The main nave of the Klausen Synagogue houses the first part of the exhibition, Jewish Customs and Traditions, which deals with weekday services, the Sabbath and festivals. You are first acquainted with the basic characteristics and sources of Judaism, i.e. the Hebrew Bible and the Talmud. In the central space – the area of the original bimah (platform) - is displayed an unwrapped Torah scroll (the Five Books of Moses), the reading of which forms the most important part of synagogue liturgy. The scroll is accompanied by its usual appurtenances – pointer, mantle, binder, shield and finials. The vitrines in the central section contain prayer books and ritual items used during weekdays and on the Sabbath (prayer shawl, phylacteries, head covers, candles, spice boxes). A prominent feature of the east wall is the Baroque Holy Ark , in which wrapped scrolls of the Torah are kept.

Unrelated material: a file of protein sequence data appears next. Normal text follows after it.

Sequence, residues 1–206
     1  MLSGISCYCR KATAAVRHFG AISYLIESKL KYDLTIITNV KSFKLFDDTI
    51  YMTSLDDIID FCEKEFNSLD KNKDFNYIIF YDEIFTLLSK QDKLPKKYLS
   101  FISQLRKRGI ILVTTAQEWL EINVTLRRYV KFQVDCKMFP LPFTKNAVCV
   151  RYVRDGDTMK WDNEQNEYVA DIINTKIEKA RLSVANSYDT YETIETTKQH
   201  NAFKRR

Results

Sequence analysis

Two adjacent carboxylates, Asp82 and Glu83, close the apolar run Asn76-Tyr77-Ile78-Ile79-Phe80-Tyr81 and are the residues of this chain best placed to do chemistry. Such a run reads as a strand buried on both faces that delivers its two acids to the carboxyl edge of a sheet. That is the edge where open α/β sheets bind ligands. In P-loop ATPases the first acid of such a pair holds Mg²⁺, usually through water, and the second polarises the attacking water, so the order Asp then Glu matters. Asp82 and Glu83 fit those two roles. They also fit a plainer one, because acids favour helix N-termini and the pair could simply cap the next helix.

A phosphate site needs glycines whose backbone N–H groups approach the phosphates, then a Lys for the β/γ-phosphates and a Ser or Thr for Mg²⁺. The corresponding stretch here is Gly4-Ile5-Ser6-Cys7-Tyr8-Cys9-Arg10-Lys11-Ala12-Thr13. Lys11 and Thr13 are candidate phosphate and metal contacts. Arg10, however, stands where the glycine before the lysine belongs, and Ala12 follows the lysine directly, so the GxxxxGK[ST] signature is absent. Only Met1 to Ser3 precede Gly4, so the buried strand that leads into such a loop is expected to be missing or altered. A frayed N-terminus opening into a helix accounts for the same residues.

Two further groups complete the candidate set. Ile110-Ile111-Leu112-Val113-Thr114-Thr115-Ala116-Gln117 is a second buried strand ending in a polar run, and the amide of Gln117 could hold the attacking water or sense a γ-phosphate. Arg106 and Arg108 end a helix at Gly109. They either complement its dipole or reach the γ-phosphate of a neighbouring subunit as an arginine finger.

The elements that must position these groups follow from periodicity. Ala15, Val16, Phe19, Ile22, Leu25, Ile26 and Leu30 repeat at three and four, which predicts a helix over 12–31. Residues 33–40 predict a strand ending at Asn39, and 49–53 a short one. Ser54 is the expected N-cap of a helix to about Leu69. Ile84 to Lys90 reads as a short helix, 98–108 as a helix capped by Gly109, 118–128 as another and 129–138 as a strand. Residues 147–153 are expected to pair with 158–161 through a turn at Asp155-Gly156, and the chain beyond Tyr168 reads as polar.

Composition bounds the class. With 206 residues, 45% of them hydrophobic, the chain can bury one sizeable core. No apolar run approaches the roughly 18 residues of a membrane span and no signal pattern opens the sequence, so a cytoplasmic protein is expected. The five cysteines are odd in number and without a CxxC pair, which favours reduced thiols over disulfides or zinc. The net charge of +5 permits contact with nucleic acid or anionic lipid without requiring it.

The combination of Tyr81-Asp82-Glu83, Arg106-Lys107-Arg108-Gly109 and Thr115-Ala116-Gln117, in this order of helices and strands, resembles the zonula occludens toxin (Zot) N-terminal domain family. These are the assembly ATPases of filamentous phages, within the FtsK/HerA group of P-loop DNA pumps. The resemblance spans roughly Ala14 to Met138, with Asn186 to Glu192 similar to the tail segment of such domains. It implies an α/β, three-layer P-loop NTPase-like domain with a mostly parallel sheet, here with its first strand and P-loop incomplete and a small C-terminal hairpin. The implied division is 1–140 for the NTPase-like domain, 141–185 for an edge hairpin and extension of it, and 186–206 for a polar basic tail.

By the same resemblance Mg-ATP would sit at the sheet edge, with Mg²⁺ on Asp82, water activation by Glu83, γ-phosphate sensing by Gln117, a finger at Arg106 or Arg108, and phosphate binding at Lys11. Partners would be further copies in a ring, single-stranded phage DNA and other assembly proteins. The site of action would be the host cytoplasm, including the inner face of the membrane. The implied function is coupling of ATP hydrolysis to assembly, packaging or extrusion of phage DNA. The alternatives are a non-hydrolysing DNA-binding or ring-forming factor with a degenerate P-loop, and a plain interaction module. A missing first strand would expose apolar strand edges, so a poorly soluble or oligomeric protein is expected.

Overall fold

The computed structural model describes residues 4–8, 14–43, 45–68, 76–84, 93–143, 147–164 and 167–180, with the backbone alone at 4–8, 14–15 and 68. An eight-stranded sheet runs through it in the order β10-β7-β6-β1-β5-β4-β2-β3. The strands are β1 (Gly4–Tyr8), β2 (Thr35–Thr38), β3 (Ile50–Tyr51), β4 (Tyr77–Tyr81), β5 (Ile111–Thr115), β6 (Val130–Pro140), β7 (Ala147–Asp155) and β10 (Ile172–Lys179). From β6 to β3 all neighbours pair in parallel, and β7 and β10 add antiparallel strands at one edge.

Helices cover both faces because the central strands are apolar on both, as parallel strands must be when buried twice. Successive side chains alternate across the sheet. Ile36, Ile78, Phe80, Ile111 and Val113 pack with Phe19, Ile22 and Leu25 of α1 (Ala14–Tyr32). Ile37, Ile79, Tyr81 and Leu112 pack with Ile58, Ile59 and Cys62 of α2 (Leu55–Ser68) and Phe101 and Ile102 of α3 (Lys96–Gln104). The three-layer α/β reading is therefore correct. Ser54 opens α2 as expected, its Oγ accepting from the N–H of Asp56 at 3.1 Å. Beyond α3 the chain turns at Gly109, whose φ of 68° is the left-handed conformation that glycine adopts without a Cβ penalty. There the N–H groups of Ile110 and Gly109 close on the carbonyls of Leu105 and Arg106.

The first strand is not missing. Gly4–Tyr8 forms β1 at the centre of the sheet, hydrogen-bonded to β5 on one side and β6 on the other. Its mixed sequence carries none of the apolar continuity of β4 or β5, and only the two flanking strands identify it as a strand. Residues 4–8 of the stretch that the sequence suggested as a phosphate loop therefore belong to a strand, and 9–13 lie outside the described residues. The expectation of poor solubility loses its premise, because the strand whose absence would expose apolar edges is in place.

The area near the Holy Ark is set aside for the synagogue and its appurtenances, which include, in addition to the above mentioned items, a curtain and valance. Special attention is placed on highlighting the symbolic relationship between the synagogue and the Temple of Jerusalem. The vitrines around the perimeter of the hall feature the High Festivals (New Year, Day of Atonement) and the Pilgrim Festivals (Pesah, Shavuot, Succot, Shemini Atzeret and Simhat Torah). Use has been made primarily of manuscript and printed books and rare synagogue curtains for the presentation of subject matter. The intimate space under the west gallery is dedicated to the most important fasts and religious ceremonies, Hanukkah and Purim. Particularly worthy of mention is the collection of Hanukkah candelabra and Esther scrolls.